Murakami at Gagosian HK


Published in Asia Tatler, February 2013

Takashi Murakami by Chris Sorensen. Courtesy of Asia Tatler
Photo by Chris Sorensen. Courtesy of Asia Tatler

In the long, white, clean space of the gallery hang 14 paintings. They are accompanied by the frantic movement of a dozen people, while metres of electrical cord wind across the bare wooden floor. Cameras are set up and a team of silent assistants shuffles about, respectfully administering to the needs of the artist. The whole scene looks like a carefully choreographed production, which is just what you’d expect from the pop star of the contemporary-art world, Takashi Murakami.

It’s likely that when you hear his name, the first thing that comes to mind are designer handbags and the kitsch, brightly coloured flowers that helped to define an era of contemporary art in the 1990s. The comparison between Murakami and Andy Warhol has become a cliché for a reason. Like Warhol, Murakami represents the artist as brand and celebrity; both created a well-oiled mass-marketing machine that blurs the lines between art, commerce, pop, tradition and subculture. In 1996, Murakami also emulated Warhol by founding his own Factory, the Hiropon Factory, rechristened in 2001 as Kaikai Kiki Co.

Born in 1962, Murakami rose to prominence in the ’90s as one of the most prolific and well-known Japanese artists. Coining the term “superflat” to describe his cartoony paintings and also as a comment on changes
in Japanese society, Murakami brought the Japanese otaku subculture of manga and anime to the international market, fusing it with Western art influences such as Warhol and Roy Lichtenstein. The current show, Flowers & Skulls, at Gagosian Gallery, is Murakami’s first in Hong Kong, and the opening night re-enforced how popular his work is in the city. His trademark ponytail has been lopped off, but Murakami is still as recognisable as his brightly coloured creations. He is dressed in khaki trousers and a black jumper, with round specs adorning a face that has become familiar from the pages of magazines and from paintings in which he transforms himself into a Japanime character, one of which hangs in the current exhibition. He embodies that cartoonish persona, readily posing for the cameras with an arsenal of comical gestures and expressions.

The range of Murakami’s creative pursuits is endless. A master of self-promotion, he mixes art with branding and merchandising. He’s an entrepreneur at the head of a very profitable art-making empire of 200 or so people, which works on design collaborations with fashion brands, markets merchandise derived from his art and creates animations. He also runs his own art gallery as part of Kaikai Kiki, which represents artists such as Aya Takano and Anri Sala. All of this on top of an illustrious career as an artist himself, with exhibitions at the Guggenheim, the Museum of Contemporary Art in Los Angeles, the Serpentine Gallery in London and the Palace of Versailles. Not to mention the collaboration with Louis Vuitton that made him a household name and cemented his brand power globally, across the spheres of both fashion and art.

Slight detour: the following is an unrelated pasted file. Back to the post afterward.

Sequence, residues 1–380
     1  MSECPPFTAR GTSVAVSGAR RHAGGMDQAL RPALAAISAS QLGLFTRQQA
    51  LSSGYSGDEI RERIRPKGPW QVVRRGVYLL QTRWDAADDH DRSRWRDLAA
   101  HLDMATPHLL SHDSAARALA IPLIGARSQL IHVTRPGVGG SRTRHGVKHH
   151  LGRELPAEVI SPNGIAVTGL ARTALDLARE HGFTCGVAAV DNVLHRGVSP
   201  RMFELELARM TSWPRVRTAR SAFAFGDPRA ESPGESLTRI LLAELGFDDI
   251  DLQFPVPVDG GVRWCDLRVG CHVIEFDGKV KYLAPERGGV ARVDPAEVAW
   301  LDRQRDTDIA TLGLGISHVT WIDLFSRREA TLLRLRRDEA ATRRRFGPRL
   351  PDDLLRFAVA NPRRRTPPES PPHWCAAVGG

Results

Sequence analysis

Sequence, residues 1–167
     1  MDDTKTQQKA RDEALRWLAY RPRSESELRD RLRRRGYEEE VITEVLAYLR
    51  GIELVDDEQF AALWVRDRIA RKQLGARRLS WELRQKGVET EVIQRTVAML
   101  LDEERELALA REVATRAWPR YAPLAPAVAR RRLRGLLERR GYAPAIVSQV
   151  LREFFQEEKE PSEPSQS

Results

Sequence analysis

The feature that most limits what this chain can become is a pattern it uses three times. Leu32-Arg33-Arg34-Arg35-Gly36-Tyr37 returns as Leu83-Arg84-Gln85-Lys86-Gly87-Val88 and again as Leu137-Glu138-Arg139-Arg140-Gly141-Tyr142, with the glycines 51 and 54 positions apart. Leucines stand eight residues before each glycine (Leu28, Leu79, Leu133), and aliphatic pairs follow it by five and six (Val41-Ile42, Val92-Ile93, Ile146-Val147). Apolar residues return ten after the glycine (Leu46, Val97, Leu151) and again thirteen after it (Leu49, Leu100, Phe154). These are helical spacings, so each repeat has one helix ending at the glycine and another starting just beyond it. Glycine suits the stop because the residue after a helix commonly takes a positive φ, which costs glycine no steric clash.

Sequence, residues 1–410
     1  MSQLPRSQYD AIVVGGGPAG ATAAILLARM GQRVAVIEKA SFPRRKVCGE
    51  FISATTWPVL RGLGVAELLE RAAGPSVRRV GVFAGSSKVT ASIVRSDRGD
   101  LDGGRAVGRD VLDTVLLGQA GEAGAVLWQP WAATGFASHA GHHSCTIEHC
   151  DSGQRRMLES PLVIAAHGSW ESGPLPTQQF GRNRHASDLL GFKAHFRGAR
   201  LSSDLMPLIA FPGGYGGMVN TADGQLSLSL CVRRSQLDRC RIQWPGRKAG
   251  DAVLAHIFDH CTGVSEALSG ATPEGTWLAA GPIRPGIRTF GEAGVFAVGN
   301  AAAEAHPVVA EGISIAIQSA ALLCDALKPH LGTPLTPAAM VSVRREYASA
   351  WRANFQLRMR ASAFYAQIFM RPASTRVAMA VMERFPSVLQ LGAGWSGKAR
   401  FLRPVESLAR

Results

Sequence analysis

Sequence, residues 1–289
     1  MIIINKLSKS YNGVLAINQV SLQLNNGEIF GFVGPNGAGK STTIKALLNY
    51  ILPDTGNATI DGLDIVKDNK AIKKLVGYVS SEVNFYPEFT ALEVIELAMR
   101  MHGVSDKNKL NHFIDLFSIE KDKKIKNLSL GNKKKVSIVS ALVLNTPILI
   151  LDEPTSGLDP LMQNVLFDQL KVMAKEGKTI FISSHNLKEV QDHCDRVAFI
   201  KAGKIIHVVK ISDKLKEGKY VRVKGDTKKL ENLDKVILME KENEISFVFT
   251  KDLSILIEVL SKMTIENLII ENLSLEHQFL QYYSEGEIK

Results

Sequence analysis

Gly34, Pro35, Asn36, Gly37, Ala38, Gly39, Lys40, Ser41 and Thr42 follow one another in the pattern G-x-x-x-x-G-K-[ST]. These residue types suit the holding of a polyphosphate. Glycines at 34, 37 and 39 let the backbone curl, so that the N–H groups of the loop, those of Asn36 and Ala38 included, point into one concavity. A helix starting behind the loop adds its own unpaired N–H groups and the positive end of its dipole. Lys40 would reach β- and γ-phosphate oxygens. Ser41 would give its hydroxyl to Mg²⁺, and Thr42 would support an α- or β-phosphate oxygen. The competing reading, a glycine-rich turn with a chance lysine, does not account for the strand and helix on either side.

The otaku culture, long a cornerstone of his work, still plays an important role in it – and the subculture is now embraced by broader Japanese society. “It was a minor element, but now the otaku culture in Japan is quite vibrant,” Murakami says through a translator. “The whole society is supporting the otaku culture; it’s become mainstream and the whole country is trying to export that culture.” Otaku offered the opportunity to create something distinctly Japanese in a post-war era that still seemed in thrall to Western sensibilities when the artist was coming of age. Although he became the figurehead for this geeky, tech-obsessed subculture, which unashamedly embraced popular culture and video games, Murakami also has a doctorate in the study of traditional Japanese painting, nihonga. He took instruction in calligraphy, attended Buddhist rituals and applied himself to his practice for 11 years. “I grew up in a poor family and wanted to have some skills to earn money, and nihonga art was so valuable that I thought it would be the most efficient way to make money,” he says. “That was the reason I studied it. But I realised that the reason the Japanese art scene was so dead was because there were so many social-structure problems to do with taxation, art distribution and logistics. I learned all this in order to do my business. It was a valuable lesson.”